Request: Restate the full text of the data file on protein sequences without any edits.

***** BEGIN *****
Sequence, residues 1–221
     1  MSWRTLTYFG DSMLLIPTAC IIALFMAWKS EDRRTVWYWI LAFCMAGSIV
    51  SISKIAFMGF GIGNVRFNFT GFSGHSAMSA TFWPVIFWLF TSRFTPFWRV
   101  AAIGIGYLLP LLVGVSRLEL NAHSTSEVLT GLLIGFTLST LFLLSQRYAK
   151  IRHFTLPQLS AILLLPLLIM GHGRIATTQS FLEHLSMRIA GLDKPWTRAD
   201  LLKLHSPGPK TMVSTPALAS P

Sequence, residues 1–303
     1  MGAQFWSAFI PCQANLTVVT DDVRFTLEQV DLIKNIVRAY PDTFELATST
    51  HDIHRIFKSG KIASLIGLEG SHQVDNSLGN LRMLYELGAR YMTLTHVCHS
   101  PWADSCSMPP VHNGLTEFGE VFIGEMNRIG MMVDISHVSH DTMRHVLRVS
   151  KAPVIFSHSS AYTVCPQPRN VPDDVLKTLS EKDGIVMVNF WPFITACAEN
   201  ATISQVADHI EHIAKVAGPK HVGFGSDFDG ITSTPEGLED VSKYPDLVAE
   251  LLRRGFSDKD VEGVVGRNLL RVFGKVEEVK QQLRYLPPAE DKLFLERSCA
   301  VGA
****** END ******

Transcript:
Sequence, residues 1–221
     1  MSWRTLTYFG DSMLLIPTAC IIALFMAWKS EDRRTVWYWI LAFCMAGSIV
    51  SISKIAFMGF GIGNVRFNFT GFSGHSAMSA TFWPVIFWLF TSRFTPFWRV
   101  AAIGIGYLLP LLVGVSRLEL NAHSTSEVLT GLLIGFTLST LFLLSQRYAK
   151  IRHFTLPQLS AILLLPLLIM GHGRIATTQS FLEHLSMRIA GLDKPWTRAD
   201  LLKLHSPGPK TMVSTPALAS P

Sequence, residues 1–303
     1  MGAQFWSAFI PCQANLTVVT DDVRFTLEQV DLIKNIVRAY PDTFELATST
    51  HDIHRIFKSG KIASLIGLEG SHQVDNSLGN LRMLYELGAR YMTLTHVCHS
   101  PWADSCSMPP VHNGLTEFGE VFIGEMNRIG MMVDISHVSH DTMRHVLRVS
   151  KAPVIFSHSS AYTVCPQPRN VPDDVLKTLS EKDGIVMVNF WPFITACAEN
   201  ATISQVADHI EHIAKVAGPK HVGFGSDFDG ITSTPEGLED VSKYPDLVAE
   251  LLRRGFSDKD VEGVVGRNLL RVFGKVEEVK QQLRYLPPAE DKLFLERSCA
   301  VGA